- Series 6 focuses on mutual funds and variable annuities. Advisors who opt for Series 6 can specialize in selling very limited products while preparing to take other exams to expand their portfolios.
These are the most common exams that FINRA offers.
All the details about the requirements for these exams are on their website.
But that’s not all.
If you are selling annuities for insurance firms, an insurance license from your state is a must-have.
Suppose you’ve taken a management role.
There are additional exams you must pass.
Financial services are diverse hence the many licenses.
An advisor must be well equipped to offer financial advice.
There’s no better way to prove your expertise than through these certifications and licenses.
Now, this is important.
If you’ve chosen not to sell investment products and perhaps focus on financial planning, then FINRA licenses are not mandatory.
Become an Independent Financial Advisor
You’ll become an independent advisor if you choose to open your own practice.
To do this, you’ll register your RIA firm with SEC.
You’ll also register yourself with the same body as an investment advisor representative (IAR) managing your own RIA.
More than that, IAR must pass series 66 or 65 exams.
It also required that you comply with the Investment Advisors Act of 1940.
Types of Financial Advisors
There are three types of financial advisors: traditional, online, and Robo.
The three options operate differently, and therefore one will choose the option that works best for them, depending on their needs.
Traditional Financial Advisor
Traditional advisors are the personal financial advisors you work with in person.
Often, you’ll choose a traditional advisor if your investment portfolio is complex.
Other times, a milestone in life like early retirement, buying a home, investing in real estate, or even marriage might compel you to seek guidance from a traditional financial advisor.
Sometimes, the reassurance of getting guidance from a human propels people to choose traditional advisors.
There are several designations when it comes to traditional advisors.
The one you’ll choose solely depends on your needs.
- Wealth managers are financial advisors who help high-net-worth and ultra-high net worth individuals manage their investment portfolios. Their wealth management services are tailored depending on the clients’ financial goals.
- IRA offers a holistic approach to planning finances and investment strategies. Their investment management role revolves around picking, managing, and recommending investments in the client’s best interest.
- Broker-dealers specialize in selling financial products to clients.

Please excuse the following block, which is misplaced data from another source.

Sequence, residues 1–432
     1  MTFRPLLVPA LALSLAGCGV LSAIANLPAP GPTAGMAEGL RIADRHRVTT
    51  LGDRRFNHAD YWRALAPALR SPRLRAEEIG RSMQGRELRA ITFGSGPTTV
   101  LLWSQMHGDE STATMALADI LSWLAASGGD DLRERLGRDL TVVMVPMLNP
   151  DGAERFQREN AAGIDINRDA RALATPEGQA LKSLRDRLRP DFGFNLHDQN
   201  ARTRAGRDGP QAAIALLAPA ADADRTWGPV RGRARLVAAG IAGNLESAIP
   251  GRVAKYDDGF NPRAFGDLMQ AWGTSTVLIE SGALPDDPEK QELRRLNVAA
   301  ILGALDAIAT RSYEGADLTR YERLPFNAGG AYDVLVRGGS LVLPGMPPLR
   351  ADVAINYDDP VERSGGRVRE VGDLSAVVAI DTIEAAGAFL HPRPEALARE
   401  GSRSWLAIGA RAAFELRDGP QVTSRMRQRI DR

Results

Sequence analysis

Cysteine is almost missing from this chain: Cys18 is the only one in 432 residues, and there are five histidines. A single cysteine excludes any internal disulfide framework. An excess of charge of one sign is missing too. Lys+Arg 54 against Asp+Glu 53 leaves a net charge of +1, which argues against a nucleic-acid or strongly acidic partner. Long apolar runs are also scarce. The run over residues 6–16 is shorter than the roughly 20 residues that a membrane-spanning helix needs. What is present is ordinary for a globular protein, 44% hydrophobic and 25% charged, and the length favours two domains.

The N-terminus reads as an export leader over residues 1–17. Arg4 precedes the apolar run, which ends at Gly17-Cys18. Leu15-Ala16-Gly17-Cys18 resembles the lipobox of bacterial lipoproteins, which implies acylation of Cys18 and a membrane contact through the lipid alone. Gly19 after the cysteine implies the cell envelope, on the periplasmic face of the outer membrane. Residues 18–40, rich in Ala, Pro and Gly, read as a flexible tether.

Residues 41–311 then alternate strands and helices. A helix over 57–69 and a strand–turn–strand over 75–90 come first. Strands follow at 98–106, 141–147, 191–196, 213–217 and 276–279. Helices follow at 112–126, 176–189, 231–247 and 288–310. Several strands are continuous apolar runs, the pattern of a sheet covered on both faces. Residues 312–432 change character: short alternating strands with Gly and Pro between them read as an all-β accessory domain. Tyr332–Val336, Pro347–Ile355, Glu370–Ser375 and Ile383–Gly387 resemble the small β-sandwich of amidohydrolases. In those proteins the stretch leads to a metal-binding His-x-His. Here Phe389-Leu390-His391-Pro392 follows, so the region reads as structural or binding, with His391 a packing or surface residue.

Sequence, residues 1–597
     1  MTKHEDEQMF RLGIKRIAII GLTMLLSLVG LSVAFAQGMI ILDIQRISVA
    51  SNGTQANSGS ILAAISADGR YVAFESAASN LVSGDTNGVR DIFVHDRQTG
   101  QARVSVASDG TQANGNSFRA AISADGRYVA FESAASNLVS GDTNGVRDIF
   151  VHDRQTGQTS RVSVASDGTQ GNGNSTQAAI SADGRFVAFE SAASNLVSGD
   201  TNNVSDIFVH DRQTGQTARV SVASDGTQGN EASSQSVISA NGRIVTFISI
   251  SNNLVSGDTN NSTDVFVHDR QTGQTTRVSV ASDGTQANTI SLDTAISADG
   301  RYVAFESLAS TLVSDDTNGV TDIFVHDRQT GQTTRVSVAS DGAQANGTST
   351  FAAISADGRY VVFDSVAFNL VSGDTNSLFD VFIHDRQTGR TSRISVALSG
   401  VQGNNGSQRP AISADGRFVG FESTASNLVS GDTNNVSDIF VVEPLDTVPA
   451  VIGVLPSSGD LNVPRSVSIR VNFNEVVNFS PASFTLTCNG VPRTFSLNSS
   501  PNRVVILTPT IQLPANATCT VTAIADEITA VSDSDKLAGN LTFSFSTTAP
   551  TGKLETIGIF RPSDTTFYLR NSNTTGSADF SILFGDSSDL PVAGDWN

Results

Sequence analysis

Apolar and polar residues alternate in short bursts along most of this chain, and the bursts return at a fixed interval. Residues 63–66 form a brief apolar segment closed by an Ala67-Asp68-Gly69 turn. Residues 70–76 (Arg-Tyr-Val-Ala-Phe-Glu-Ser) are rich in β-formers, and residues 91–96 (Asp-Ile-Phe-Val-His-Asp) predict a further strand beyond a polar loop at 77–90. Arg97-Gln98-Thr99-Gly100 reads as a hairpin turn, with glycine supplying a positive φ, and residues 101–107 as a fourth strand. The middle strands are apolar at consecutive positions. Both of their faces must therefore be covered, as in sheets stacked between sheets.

- There are also advisors with different certifications, such as CPA, CLU, and ChFC, who offer specialized services for different financial needs.
These advisors will help you reach your financial goals by assessing your financial situation.
They check your personal finances and help you develop short and long-term goals.
More importantly, their plan is personalized to address the specific financial need at hand, whether it’s early retirement, estate planning, life insurance, or growing an investment portfolio, among others.
Online Financial Advisor
As the name suggests, these advisors are based online.
You’ll get investment management services online and be in touch with a virtual planner.
Online advisors are cheaper compared to traditional advisors.
It’s the perfect balance between saving money and receiving investment planning and management services.
Online financial advisors, just like traditional advisors, tailor financial management services to meet your individual needs.
Different online advisor services work differently.
In some cases, a computer algorithm manages your investment.
In such instances, financial advisors are on call whenever you have questions.
Other platforms pair clients with certified financial planners to address their individual financial needs.
Robo advisors stand out as the cheapest among the three types of financial advisors.
Here, an automated system manages your portfolio.
Their easy entry nature makes them most ideal for many people getting started in investment.
Robo advisors are a great option if you are planning to save for retirement.
They are also great if you want to get started in the stock market.
Suppose you have some cash, lump sum, or otherwise that you want to save to finance a particular goal in the future.
A Robo advisor will be a perfect match.
To get started with your provider, you’ll fill in a questionnaire to give the system an overview of your goals.
The questionnaire will also help ascertain risk tolerance and investment preference.
Using the information you’ve provided, a Robo advisor sets up an investment that suits your profile.
Financial Advisors Salary Snapshot
There are several payment models that financial advisors charge for their services.
Fee-only: Advisors that charge fee-only don’t take a commission. They charge a fee for the services they offer a client.
Commission based: Commission-based advisors get paid a commission for every financial product or investment product sold. For this reason, their products might be expensive than others in the market.
Fee-based: In this model, an advisor charges a client an hourly fee or a percentage of the assets under management. The percentage is usually 1%.
Combination of fees and commission: This model is a hybrid of fee-based and commission. In this model, an advisor will be paid for the service offered and get a commission if they sell a product to a client.
If you are still stuck on how much financial advisors earn, you’ll find out in a bit.
According to The Bureau of Labor Statistics (BLS), the median annual salary for financial advisors in 2019 was $87,850, with the top 25% best advisors earning $154,480 and the bottom 25% making $57,780.